Major Themes of the Enlightenment: Reason, Individualism & Skepticism

Lesson Transcript
Instructor: Nate Sullivan

Nate Sullivan holds a M.A. in History and a M.Ed. He is an adjunct history professor, middle school history teacher, and freelance writer.

In this lesson, we will identify the major themes associated with the Enlightenment. We will also explore the major figures and learn about their contributions. We will understand the lasting impact of the Enlightenment by putting it in historical context.

What Was the Enlightenment?

Alright, guys and gals, prepare to be enlightened. In this lesson, we will be covering the Enlightenment. So what was it? The Enlightenment, sometimes called the 'Age of Enlightenment', was a late 17th- and 18th-century intellectual movement emphasizing reason, individualism, and skepticism. The Enlightenment presented a challenge to traditional religious views.

Enlightenment thinkers were the liberals of their day. They were typically humanists who supported equality and human dignity. They stood opposed (in varying degrees) to supernatural occurrences, superstition, intolerance, and bigotry.

The Scientific Revolution of the 17th century is closely associated with the Enlightenment, and in many respects, the two overlap. Scientific thinking played a crucial role in the Enlightenment, as thinkers employed the scientific method to understand the world around them.

There is no exact beginning date for the Enlightenment because it was such a broad movement. It did not suddenly spring up out of nowhere, but instead developed gradually. Most historians place the beginning of the Enlightenment between the mid-17th century and the beginning of the 18th century. The writings of intellectuals, like René Descartes, Baruch Spinoza, and Isaac Newton, were particularly important in giving birth to the Enlightenment.

The Enlightenment started in Europe and eventually spread to the United States, where it attracted followers like Thomas Paine and Thomas Jefferson. The Enlightenment died out in the early 19th century as Romanticism gained appeal.

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Coming up next: Jean-Jacques Rousseau: Philosophy and Legacy

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  • 0:01 The Enlightenment
  • 1:57 Major Themes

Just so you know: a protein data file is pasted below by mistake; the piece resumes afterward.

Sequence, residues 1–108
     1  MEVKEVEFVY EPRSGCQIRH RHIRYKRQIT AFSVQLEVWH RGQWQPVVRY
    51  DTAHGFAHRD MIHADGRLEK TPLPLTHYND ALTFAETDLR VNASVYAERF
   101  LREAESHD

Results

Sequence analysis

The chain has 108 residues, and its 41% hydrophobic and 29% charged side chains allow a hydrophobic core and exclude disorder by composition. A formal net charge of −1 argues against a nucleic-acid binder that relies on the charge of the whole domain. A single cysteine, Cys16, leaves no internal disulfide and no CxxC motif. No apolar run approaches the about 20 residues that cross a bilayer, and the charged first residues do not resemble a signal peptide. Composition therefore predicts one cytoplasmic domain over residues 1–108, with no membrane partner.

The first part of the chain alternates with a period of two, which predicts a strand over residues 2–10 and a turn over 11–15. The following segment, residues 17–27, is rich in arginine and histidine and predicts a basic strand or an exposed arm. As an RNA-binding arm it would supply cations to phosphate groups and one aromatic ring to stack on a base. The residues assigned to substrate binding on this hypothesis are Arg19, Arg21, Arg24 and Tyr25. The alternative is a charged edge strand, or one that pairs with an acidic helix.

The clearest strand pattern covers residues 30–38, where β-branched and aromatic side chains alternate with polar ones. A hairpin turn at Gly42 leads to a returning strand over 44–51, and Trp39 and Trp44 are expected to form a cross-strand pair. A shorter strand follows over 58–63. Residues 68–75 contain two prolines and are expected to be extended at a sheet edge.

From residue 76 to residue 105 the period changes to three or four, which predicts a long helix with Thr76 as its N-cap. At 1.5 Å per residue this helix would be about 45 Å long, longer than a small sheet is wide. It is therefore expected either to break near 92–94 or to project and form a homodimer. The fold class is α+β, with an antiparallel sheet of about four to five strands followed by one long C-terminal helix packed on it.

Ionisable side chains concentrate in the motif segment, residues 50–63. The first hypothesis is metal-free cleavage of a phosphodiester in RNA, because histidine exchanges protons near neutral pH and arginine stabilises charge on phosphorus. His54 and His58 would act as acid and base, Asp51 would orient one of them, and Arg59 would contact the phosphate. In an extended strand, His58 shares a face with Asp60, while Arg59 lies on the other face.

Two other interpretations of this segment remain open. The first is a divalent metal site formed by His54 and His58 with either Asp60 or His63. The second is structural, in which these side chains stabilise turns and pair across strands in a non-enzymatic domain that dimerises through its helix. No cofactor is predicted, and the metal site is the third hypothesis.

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Major Themes of the Enlightenment

While the Enlightenment was a tremendously broad movement, there are several core themes that were characteristic of it. One was reason. Enlightenment thinkers typically denounced supernatural occurrences as mere superstition. Here is where it gets a little tricky.

You might think all Enlightenment thinkers were atheists, but this was not the case. In fact, most were not. To a degree, the Enlightenment spurred atheism, but more commonly, it resulted in a mix between Christianity and scientific rationalism. This is best illustrated by the deist movement that gripped Europe and the United States during the late 18th century.

So what is deism? In simplest terms, deism is the belief that God exists, but chooses to let the universe proceed according to natural law. Deists deny supernatural occurrences and insist that God is knowable through reason and nature, not divine revelation. Deism is often conceptualized by a comparison with a clock and a clockmaker. In the deist view, God is the great 'clockmaker' who created the world (like a clock) and then allows it to 'run' according to natural operation (without supernatural intervention). Not all, but some of America's Founding Fathers were deists, most notably, Thomas Jefferson.

Going along with reason is another Enlightenment theme, which is skepticism. By skepticism, we're talking about skepticism of religious dogma, the institutionalized church, government authority, and even skepticism of the nature of reality. To illustrate this point, let's look at something called the divine right of kings. According to this view, which had been popular among Catholics for centuries, monarchs had been placed in positions of power by the will of God and were not subject to Earthly powers. Basically, this was a fancy way of saying the king was above the law. But with the Age of Enlightenment, this idea began to lose its credibility.

Enlightenment thinkers were skeptics. They typically rejected 'blind faith.' They wanted 'proof' in the modern sense that you and I want proof before believing something. This applied to all spheres of life, especially science, and even the nature of reality itself. This is exemplified by René Descartes, who, in searching for 'proof' of his own existence, famously said: 'I think; therefore, I am.'

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